Take the 2-minute tour ×
Stack Overflow is a question and answer site for professional and enthusiast programmers. It's 100% free, no registration required.

I am attempting to build a project in Visual Studio 2012 that uses GnuTLS. I downloaded the latest official Windows build from the website, and created a link library by running lib /def:libgnutls-28.def in the bin directory form a Visual Studio command prompt.

After adding a typedef long ssize_t, the code compiles fine, but linking fails with the following error:

source_file.obj : error LNK2001: unresolved external symbol _gnutls_free
C:\Path\to\executable.exe : fatal error LNK1120: 1 unresolved externals

I am calling gnutls_free to free some memory allocated and returned by the library. If I remove the call to gnutls_free, the project links successfully. Given that gnutls_free is just a global variable (containing a function pointer) exported by the library, I'm not sure why accessing it results in an unresolved reference to a different symbol. I have verified that gnutls_free is not #defineed to anything.

As a test, I tried doing gnutls_free_function test = gnutls_free; which also resulting in the link error. Running grep -w -r _gnutls_free . on the GnuTLS source code returns nothing, so I am at a loss.

Any ideas for getting this working would be greatly appreciated.

EDIT:

Adding __declspec(dllimport) to the declaration of gnutls_free in gnutls.h allows the link to succeed. Is there any way to accomplish this without maintaining a custom version of the header file?

share|improve this question

1 Answer 1

up vote 1 down vote accepted

There doesn't seem to be a way to have the linker or import library automatically dereference the IAT's pointer to the data item the same way that is done for functions (via a small trampoline function that is statically linked into the module importing the function). The __declspec(dllimport) attribute tells that compiler that this dereferencing needs to be done so it can insert code to perform the dereferencing of the IAT pointer implicitly. This allows exported data to be accessed and for functions allows the compiler to call the imported function via an indirect call through the IAT pointer rather than by calling the trampoline function.

See a couple of Raymond Chen's articles about dllimport for a good explanation of what goes on for function calls (he didn't discuss importing data, unfortunately):

The MS linker or import library doesn't have a mechanism to help the compiler get imported data in a 'naive' way - the compiler needs the the __delcspec(dllimport) hint that an extra dereference through the IAT is needed. Anyway, the point of all this is that it seems there's no way to import data except by using the __declspec(dllimport) attribute.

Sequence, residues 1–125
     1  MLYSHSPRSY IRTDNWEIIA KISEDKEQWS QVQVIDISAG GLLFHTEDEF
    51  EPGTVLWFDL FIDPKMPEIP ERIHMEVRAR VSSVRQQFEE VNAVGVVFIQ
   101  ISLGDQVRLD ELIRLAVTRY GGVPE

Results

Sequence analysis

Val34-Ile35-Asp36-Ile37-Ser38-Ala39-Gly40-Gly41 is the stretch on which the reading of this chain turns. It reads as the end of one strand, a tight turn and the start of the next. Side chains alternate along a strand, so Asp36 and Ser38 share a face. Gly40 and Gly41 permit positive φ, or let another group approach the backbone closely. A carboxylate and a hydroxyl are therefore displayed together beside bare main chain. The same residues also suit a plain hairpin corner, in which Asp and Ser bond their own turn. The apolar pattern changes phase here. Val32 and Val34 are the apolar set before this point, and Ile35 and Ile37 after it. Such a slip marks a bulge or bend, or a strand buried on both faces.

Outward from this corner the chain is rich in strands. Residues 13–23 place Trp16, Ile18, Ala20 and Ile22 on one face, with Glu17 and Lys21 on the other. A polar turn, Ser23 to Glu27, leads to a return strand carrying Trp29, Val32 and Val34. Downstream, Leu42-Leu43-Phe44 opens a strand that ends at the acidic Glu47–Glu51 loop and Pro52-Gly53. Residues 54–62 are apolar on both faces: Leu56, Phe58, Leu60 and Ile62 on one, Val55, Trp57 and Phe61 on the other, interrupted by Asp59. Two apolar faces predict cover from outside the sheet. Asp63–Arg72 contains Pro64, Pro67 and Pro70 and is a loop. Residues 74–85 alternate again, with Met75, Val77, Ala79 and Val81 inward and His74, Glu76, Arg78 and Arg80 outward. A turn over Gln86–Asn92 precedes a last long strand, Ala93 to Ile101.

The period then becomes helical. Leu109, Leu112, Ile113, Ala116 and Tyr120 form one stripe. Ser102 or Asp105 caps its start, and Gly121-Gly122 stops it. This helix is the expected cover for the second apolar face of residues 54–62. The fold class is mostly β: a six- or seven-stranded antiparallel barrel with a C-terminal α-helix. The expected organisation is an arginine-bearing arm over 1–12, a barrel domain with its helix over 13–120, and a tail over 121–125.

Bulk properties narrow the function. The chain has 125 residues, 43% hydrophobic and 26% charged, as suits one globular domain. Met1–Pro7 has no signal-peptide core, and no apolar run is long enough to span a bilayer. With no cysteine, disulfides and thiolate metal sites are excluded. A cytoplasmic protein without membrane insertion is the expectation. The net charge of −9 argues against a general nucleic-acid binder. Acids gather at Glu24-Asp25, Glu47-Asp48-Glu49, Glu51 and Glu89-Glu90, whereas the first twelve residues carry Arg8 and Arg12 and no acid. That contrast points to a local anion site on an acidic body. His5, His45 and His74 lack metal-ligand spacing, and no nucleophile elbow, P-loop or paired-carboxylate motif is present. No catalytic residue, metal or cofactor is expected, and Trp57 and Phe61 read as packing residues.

If you want to avoid modifying the gnutls distribution (which I can understand), here's one rather imperfect workaround:

You can create a small object file that contains nothing but a simple wrapper for gnutls_free(); since gnutls_free() has an interface with no real dependencies, you can have the necessary declarations 'hardcoded' instead of including gnutls.h:

typedef void (*gnutls_free_function) (void *);
__declspec(dllimport) extern gnutls_free_function gnutls_free;

void xgnutls_free(void* p)
{
    gnutls_free(p);
}

Have your code call xgnutls_free() instead of gnutls_free().

Not a great solution - it requires your code to call a wrapper (so it's particularly not great if you'll be incorporating 3rd party code that might depend on gnutls_free()), but it might be good enough.

share|improve this answer
    
Very informative, thanks. Is there anyway to mark all of the declarations in a header file as __declspec(dllimport) without modifying each and every declaration? (I suppose you probably would have mentioned it if there were.) –  rkjnsn Jan 30 '13 at 20:24
    
@rkjnsn: not that I'm aware of. Also, if you plan to add the declspec to the header, use a macro (like #define GNUTLS_DLLAPI __declspec(dllimport)) so that if you ever find yourself in a situation where you need to build the DLL you can easily change it to _declspec(dllexport) for that build. –  Michael Burr Jan 30 '13 at 20:53

Your Answer

 
discard

By posting your answer, you agree to the privacy policy and terms of service.

Not the answer you're looking for? Browse other questions tagged or ask your own question.